Bengal Tiger Consultation: Securing the Future for the Tigers in India
The recently concluded The Future of the Bengal Tiger, a conference hosted by the Sanctuary Asia, brought together over 150 delegates, speakers and other participants from all walks of life. Held on 6th August 2010 at the Teen Murti House auditorium, the participants were a blend of wildlife conservationist, researchers, media persons, bureaucrats, foresters and many school students and laypersons. Though students represented the majority, the blend of participants reflected the growing interest in tiger conservation among the general public.
The conferences entailed talks by the forest department officials, military personnel, politicians, wildlife biologists and journalists. The sessions also dealt with issues like corruption, conflicting mandates among the different bureaucracies, political will towards conservation and other biological, social and political imperatives and challenges of tiger conservation in India. The entire discussion was holistically facilitated by the enchanting and forever enthusiastic Mr. Bittu Sahgal of Sanctuary Asia.
The inaugural session saw introductory speeches by some key people influencing tiger conservation in India. The Hon’ble Minister for Environment & Forests Shri Jairam Ramesh, Dr. Karan Singh, former chairperson of Tiger Task Force 1972 and a staunch conservationist began the day with their thought provoking facts and key challenges. Valmik Thapar’s stimulating talk drew attention of the audience and speakers to the grave situation of tigers in India. He spoke at length about bringing reforms in the selection, recruitment, training of the Indian Forest Service officials. He expressed concern towards the precarious state of forest department, staff and stressed on the need of good cadre-building through proper training, remuneration and strengthening them with facilities and arms to improve protection of the reserves. Other speakers in this session included Meera Sanyal RBS, Hemedra Kothari and Dr. Vandana Shiva.
The second session was chaired by Ms. Belinda Wright of Wildlife Protection Society of India, Mr. P. K Sen, former director Project Tiger, Ms. Prerna Bindra, the renowned wildlife journalist, and Mr. Biswasjit Mohanty of Simlipal Tiger Reserve. The session included discussions on the protection status of Tiger Reserves, threats posed by poaching and left wing extremism to tiger habitats. Mr. Sen shed light on the inter-departmental conflicts between Indian Forest Service and Indian Administrative Service which is hampering tiger conservation presently. He recalled several instances when forested lands were mindlessly diverted to development projects and other activities by the revenue department that has led to the reduction of forest wealth in India.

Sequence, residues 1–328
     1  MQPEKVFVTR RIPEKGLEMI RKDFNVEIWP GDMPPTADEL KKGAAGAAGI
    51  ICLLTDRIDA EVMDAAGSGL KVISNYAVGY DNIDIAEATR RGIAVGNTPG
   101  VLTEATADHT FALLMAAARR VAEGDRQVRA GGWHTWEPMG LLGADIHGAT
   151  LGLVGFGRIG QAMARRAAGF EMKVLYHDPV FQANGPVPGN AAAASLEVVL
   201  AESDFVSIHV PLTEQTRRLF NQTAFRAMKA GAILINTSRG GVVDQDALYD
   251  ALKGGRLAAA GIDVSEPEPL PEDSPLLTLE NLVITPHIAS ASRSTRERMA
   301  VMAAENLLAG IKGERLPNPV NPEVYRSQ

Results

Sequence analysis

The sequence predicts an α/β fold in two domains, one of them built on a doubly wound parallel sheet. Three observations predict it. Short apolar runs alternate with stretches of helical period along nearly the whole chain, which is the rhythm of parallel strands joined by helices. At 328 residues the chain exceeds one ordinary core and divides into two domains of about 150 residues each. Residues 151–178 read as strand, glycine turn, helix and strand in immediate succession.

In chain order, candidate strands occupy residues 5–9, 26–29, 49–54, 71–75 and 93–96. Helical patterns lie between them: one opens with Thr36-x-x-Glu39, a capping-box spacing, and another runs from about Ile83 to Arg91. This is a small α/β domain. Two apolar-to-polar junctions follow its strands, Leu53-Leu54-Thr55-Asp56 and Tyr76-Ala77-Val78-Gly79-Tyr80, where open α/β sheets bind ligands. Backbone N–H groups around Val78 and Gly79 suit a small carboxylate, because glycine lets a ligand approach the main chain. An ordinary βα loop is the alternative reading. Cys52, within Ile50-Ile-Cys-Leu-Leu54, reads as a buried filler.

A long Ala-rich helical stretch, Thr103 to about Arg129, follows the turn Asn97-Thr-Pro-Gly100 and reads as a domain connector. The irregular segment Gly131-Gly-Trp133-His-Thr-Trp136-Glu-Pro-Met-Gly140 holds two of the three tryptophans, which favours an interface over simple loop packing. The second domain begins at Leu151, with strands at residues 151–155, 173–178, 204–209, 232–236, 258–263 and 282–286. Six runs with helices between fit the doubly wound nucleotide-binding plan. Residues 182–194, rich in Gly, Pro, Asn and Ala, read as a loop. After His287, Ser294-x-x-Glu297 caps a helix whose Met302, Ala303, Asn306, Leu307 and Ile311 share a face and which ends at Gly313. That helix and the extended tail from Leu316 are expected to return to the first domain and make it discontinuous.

Ms. Bindra spoke about the rising wildlife crime and vulnerability of the protected areas to different kinds of criminal activities such as Naxalism, underworld, drugs and wildlife trade. The interactive session following the discussions was dominated by the questions raised by the students of various schools in the NCR. The students echoed their sentiments by asking the experts about what they can do to save tigers in India.
The next session entailed insightful talks by three noted wildlife biologists of India Dr. Yadevendradev Jhala, who developed the new enhanced methodology All–India Tiger, Co-Predators and Prey Monitoring, AJT Johnsingh , Faculty at Wildlife Institute of India and Dr. Ravi Chellam, the world’s foremost expert on Asiatic Lion. Dr. Jhala started off his talk by explaining the biological requirements of tigers such as area, prey and sound habitat. He also highlighted the need to develop wildlife corridors to link various tiger landscapes to develop meta-population of tigers. Dr. Johnsingh spoke about the various plant species necessary for habitat improvement of the protected areas and how Protected Area (PA) Management should be made free from corruption. Dr. Chellam shed light on various biological and social problems of carnivore conservation in India. He suggested more careful assessment of source population of tigers be done in the tiger occupied landscapes. The final session involved an interaction between students, teachers and wildlife conservationists about what roles should students play to conserve the natural wealth of their country.
Overall, the deliberations at the conference successfully sensitised participants to the spectrum of ecological, social, administrative, legal and political issues inherent in tiger conservation in India. The sessions also enabled them to recognise dilemmas and challenges of wildlife conservation in India and gave them an idea about how to address them in a more nuanced manner. The discussions were greatly enriched by the multidisciplinary gathering. However, one could perceive a distinct disadvantage in this diverse gathering especially for school kids and their teachers. The conference revealed a glaring lack of information and knowledge about wildlife conservation in the city-dwelling school students. Time for questions was used up by many participants to merely voice opinions or relate anecdotes that had almost no relation to tiger conservation. Consequently, very rarely could issues be settled by factual knowledge about the relevant science, policy or legal status of tiger conservation. This most of the discussions and queries remained on a general level.
Editor’s Note: A.P. Jayanthi is founding-member Delhi Greens and has just finished her MPhil from Jawaharlal Nehru University (JNU) where she studied the debates over the methods used in monitoring tiger populations in India. Her study seeks to identify the processes, individuals and agencies involved in the generation, diffusion and reception of science in the field of wildlife conservation.
Image courtesy Aastha Kukreti